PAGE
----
DeShawn McLeod & Melanie Harrington
Introduced to the new 2012-2013 school year at SLA, Spanish classes 3 and 5 have been given the substitute opportunity to learn another language by using Rosetta Stone.
Spanish teachers Melanie Manuel, Juan Sanchez, Pearl Jonas, and Mark Bey all facilitate these classes and assist students for help.
Due to a budget decision, Spanish teacher Jillian Gierke was laid off from the Spanish department. In her departure, it was decided that language software Rosetta Stone would suffice.
Principal Chris Lehmann believes, “SLA is a unique position, due to the 1 to 1 laptop program and the tech savvyness of SLA students, to leverage Rosetta Stone in ways that are powerful.”
Teachers are hoping the software will be well received. However, students participating in the program and have mixed feelings.
Junior Sara Nesbitt commented, “I don’t like the switch. I’d rather be in a classroom with a teacher teaching.”
Sophomores Micah Getz and Maggie Hohenstein both echoed Nesbitt’s point.
Not all students are negative about the change. Junior Dejah Harley said, “I do like the switch because you can go back and redo it and then by redoing it you can really solidify it in your head.”
Nesbitt agreed that there are advantages to have Rosetta Stone in classroom.
“I don’t have to do any homework because we don’t take the headphones home so there’s plenty of time to do it in class,” Nesbitt commented, “which works out better because I can focus on other classes.”
Along with Nesbitt, Getz agreed, “Yeah, [Rosetta Stone] works pretty well with my schedule. I can do it at home. I can do it at school. And I have a whole entire period to get it done unlike most online courses I’ve done.”
Different types of resources Rosetta Stone has to offer ranges from talking to native speakers to conquering matching games.
The usual process of learning from Rosetta Stone consists of, “Core lessons. And these core lessons are 30+ pages of questions with maybe six or seven questions each page.” Harley stated.
After, “They offer a milestone at the end of each unit to see if you comprehended what you learned,” Junior Byshera Moore-Williams said.
Although students are compliant with the work, that doesn’t mean that Rosetta Stone will stay.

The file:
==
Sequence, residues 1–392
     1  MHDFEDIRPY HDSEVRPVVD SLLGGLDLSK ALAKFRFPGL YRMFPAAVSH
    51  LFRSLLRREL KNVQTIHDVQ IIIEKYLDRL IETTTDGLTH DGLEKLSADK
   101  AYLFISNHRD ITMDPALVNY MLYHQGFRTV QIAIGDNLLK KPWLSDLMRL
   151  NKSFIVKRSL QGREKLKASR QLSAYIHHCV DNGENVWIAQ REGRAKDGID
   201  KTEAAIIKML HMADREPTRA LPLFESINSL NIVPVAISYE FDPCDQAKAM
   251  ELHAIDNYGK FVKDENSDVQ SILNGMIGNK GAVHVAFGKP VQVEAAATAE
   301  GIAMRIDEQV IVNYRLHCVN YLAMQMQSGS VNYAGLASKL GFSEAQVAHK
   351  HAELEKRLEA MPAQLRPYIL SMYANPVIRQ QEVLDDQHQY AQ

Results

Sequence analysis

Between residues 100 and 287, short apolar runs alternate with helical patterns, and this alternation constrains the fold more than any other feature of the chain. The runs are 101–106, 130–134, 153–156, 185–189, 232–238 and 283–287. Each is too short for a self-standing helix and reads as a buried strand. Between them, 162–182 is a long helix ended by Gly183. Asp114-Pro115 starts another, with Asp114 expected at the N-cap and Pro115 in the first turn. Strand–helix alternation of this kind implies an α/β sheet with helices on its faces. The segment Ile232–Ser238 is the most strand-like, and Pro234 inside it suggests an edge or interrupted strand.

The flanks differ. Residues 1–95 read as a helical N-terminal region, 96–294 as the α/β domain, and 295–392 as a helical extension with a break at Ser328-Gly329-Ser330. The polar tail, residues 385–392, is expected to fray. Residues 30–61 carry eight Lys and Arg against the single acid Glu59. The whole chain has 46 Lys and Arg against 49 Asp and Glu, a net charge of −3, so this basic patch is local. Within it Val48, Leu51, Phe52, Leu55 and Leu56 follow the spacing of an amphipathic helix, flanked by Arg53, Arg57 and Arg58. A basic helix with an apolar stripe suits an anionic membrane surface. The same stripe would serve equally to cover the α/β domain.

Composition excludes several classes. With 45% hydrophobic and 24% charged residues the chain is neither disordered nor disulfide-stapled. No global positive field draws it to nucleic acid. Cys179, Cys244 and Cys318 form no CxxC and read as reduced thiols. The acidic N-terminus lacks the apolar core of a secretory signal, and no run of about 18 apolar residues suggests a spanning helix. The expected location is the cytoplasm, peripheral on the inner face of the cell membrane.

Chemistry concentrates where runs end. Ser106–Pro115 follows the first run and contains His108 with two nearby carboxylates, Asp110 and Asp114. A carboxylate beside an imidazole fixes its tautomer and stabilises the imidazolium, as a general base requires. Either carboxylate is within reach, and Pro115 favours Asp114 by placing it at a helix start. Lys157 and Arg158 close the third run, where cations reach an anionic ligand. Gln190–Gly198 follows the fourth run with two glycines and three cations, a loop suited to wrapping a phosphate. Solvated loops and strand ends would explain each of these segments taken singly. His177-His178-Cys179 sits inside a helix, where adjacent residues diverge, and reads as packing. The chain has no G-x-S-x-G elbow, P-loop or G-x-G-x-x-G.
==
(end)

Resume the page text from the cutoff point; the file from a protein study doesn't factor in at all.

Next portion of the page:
“Is it something that will continue? I don’t think we know yet,” said Principal Lehmann. “I think it depends. I think this is going to be a really interesting year to listen to students, to get a sense from both students and from teachers what they thought were the potential positives of the program, what they thought the drawbacks of the program.”
There is no long-term plan for keeping the program — yet.
“I think come the next budget cycle we’re going to have to really revaluate and get a sense of what worked and what didn’t and whether or not this is something we want to continue,” Lehmann stated.
Mr. Sanchez has a positive attitude with the indefinite implementation of Rosetta Stone.
“One of the things that we stress here at SLA is students become more independent in their learning and self driven and using technology,” he said, “and Rosetta Stone definitely moves in both of those directions.”
Ms. Manuel also believes there are positives to the software.
“It gives them the option to redo all the quizzes and gives them the option to go at their own pace. It gives them the option to choose where they want to start. Because, you could be in Spanish 5, but you might even want to start at the Spanish 2 level,” she said.
Teachers are aware that student have mixed feelings about receiving the software.
“It looks like a lot of them are actually enjoying it. Some of them get frustrated with it because they’re not used to it,” Ms. Manuel said.
Mr. Sanchez acknowledged student frustration:” I think most [students] realized that this was a cost cutting measure and they do want to go back to actually having a teacher.”
But, on the bright side, “They’re doing their work, they’re doing fine,” he said.
Students are starting to figure out strategies for succeeding in the course, like doing verbal assignments at home and teachers regulating the class’ progress so the majority of the class is on the same page.
Overall, “It was the best fix to a really bad situation,” Mr. Lehmann said.